However Hygen is super flexible with regards to template location, so here's how to achieve this goal with little effort, by dropping these into the scripts of your package.json file:

"HYGEN_TMPLS=src/client/_templates hygen",
"HYGEN_TMPLS=src/server/_templates hygen",

And now your flow is simply:

[src/] $ yarn g:client page new --name authentication
[src/] $ yarn g:server page new --name authentication

A nice bonus is that this streamlines into your yarn workflow and you can change and improve it as you go.

This was inspired by a community contributed solution, see here for more.

Should I Check In My Templates?

Yes and yes!. One of the critical points with the hygen approach is that templates and generators are co-located with a project, to a team, to a branch. A team can also review templates in the same way they do their code.

Isn't generating code counteracting DRY (don't repeat yourself)

Not in this case. hygen is build for modern app architectures, which demand modularity, clean code, and high maintainability and that are already DRY. This means there will be multiple tools requiring various ceremonies (most trivially - tests), that are set up by hand or by a combination of shortcuts. hygen wants to streamline all these, and give you the tools to save yourself some time.

What's the difference from generator X/Y/Z?

First, it's not hard to start building the intuition by trying it out. Here's the short answer based on comparison with plop. See the full discussion here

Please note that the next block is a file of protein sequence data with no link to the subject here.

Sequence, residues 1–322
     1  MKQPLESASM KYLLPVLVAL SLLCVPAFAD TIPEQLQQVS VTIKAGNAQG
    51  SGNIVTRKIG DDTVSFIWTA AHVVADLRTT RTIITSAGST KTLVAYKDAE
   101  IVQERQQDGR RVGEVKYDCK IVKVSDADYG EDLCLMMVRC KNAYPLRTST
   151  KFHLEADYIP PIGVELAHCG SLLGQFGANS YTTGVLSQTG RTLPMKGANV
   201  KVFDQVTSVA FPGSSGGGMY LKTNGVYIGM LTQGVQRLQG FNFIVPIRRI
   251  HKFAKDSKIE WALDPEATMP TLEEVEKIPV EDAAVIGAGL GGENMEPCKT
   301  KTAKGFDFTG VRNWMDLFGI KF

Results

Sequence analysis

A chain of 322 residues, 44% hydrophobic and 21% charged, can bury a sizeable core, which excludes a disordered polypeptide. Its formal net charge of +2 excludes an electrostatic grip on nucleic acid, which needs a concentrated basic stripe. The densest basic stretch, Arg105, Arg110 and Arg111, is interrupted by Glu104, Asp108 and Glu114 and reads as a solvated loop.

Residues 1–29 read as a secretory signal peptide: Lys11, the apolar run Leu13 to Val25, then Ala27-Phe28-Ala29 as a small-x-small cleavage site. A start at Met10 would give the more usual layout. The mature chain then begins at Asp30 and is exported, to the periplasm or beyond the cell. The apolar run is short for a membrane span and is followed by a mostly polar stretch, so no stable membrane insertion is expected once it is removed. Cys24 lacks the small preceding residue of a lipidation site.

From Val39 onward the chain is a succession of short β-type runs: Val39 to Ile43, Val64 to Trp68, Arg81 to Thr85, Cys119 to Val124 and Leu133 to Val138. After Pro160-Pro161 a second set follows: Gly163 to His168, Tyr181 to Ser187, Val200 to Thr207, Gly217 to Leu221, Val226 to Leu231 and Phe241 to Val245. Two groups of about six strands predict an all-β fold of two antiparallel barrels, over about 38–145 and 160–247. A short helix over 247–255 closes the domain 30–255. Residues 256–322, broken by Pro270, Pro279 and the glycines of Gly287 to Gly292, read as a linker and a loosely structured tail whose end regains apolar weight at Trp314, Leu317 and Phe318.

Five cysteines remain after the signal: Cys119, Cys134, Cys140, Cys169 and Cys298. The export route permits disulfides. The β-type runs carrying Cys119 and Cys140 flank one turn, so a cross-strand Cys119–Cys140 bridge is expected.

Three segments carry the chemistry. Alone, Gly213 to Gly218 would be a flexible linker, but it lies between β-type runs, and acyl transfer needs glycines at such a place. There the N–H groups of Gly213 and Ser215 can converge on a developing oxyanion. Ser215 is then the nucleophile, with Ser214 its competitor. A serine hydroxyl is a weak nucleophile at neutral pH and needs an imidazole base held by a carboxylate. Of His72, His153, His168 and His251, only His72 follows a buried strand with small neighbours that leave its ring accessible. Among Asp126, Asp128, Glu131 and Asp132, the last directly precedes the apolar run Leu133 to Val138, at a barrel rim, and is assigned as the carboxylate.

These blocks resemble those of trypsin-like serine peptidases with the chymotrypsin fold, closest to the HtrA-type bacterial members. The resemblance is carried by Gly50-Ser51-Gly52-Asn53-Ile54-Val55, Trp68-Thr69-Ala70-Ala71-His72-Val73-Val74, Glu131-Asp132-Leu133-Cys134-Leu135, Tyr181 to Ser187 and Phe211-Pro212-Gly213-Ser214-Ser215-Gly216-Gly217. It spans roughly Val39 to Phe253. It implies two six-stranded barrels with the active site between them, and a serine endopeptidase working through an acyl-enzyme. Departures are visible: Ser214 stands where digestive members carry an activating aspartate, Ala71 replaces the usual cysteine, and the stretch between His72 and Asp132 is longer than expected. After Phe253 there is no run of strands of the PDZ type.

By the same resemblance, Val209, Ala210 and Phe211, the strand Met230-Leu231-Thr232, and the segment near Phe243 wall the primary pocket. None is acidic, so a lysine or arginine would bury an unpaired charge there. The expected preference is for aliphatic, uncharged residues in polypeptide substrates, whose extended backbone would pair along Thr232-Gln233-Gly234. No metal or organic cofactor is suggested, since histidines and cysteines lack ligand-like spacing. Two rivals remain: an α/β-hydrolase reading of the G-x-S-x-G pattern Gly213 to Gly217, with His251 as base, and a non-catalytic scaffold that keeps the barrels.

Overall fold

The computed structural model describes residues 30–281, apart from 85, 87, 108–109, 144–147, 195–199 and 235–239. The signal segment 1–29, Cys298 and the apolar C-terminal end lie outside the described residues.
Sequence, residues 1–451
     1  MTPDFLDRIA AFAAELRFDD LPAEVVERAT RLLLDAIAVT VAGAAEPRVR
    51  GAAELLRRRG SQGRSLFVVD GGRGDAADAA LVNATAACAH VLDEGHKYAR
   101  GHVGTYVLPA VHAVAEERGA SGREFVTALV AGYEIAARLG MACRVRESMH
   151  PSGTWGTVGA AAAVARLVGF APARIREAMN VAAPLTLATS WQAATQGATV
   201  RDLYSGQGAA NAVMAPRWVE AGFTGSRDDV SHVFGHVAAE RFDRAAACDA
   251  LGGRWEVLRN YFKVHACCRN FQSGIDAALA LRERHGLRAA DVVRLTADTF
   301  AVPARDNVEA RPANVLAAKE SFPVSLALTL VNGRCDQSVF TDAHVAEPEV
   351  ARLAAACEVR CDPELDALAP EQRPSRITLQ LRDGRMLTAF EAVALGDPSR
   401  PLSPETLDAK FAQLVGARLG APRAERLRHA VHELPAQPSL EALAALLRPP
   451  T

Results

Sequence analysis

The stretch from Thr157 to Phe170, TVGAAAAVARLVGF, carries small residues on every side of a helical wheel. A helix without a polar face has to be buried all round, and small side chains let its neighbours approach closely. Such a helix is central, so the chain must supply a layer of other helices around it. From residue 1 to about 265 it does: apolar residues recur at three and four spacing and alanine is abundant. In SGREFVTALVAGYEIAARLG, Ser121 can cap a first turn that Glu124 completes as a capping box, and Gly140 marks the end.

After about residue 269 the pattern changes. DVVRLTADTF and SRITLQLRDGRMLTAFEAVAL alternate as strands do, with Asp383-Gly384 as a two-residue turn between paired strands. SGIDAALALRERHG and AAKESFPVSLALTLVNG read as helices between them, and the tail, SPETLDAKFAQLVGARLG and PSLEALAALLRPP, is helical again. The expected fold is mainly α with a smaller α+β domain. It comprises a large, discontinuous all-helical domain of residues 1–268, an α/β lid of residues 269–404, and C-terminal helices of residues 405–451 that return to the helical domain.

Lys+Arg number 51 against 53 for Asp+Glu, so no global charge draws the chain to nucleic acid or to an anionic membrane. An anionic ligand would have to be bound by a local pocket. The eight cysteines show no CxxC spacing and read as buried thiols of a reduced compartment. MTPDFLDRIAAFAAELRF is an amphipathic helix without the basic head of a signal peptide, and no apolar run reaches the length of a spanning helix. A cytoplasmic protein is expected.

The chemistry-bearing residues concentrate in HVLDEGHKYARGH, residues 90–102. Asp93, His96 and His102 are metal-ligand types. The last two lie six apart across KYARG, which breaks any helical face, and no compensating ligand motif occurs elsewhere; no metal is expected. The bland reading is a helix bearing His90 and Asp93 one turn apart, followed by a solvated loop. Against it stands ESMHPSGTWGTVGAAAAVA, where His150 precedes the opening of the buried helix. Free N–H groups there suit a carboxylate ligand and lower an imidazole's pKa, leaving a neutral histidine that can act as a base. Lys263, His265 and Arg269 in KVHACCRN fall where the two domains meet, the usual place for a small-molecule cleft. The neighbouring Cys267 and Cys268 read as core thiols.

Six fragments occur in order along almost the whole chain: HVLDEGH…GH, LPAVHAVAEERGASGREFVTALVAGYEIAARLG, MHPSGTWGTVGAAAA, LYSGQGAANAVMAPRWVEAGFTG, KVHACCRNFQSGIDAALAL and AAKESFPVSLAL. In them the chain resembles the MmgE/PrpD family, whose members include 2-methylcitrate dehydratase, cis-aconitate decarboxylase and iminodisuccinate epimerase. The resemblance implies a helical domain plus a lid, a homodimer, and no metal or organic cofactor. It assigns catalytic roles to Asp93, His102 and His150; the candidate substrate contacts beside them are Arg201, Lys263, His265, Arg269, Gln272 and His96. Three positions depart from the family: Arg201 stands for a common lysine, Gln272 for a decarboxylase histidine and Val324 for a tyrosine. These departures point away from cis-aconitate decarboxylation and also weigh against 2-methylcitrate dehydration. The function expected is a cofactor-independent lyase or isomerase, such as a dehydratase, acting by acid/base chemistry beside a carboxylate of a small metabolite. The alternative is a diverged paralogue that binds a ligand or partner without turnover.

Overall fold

• Hygen was built to support a large number of teams, large number of developers and/or a big code base, so that it scales and evolves with your project and team. One difference between the two is that plop will make all these people, and activity share a single file which is a pain in merges, conflicts and code reviews. In addition hygen is contextual, so it will automatically understand where it is in your code base and what generators are relevant for each part (think about monorepos) and use only those.

  • A design goal for hygen is to be instinctive - the amount of effort to make a generator and meet your goal from a developer experience perspective should always go to zero. So then you have generator generators, helpers, a familiar logic-full templating engine, and maybe a little bit surprising, but I think attention for details is super important - for example, there's someone (me) watching your back and making sure hygen is always fast.

Can I Inject Multiple Times for the Same File?

Yes! Have multiple template files, each responsible to a different part of the injection:

add-redux-to-package.json.t <-- injects to package.json
add-lodash-to-package.json.t <-- injects to package.json

Hygen will parallelize most of its book-keeping to gain speed, but file operations are serially executed to avoid operations stepping on eachother's toes.

Generating from a deep directory and inject to an upper one

This is possible with adding a helper to .hygen.js:

module.exports = {
templates: `${__dirname}/_templates`,
helpers: {
relative: (from, to) => path.relative(from, to),
src: ()=> __dirname

And use it:

to: "<%= h.src() %>/src/index.js"

See this discussion for more.

Can I Force Hygen to always Overwrite? (e.g. --force)

To avoid prompts, and force overwrites you can use the HYGEN_OVERWRITE environment flag.

$ HYGEN_OVERWRITE=1 hygen generator new --name foobar

If you use this, Hygen will always write out content without asking even if the file already exists.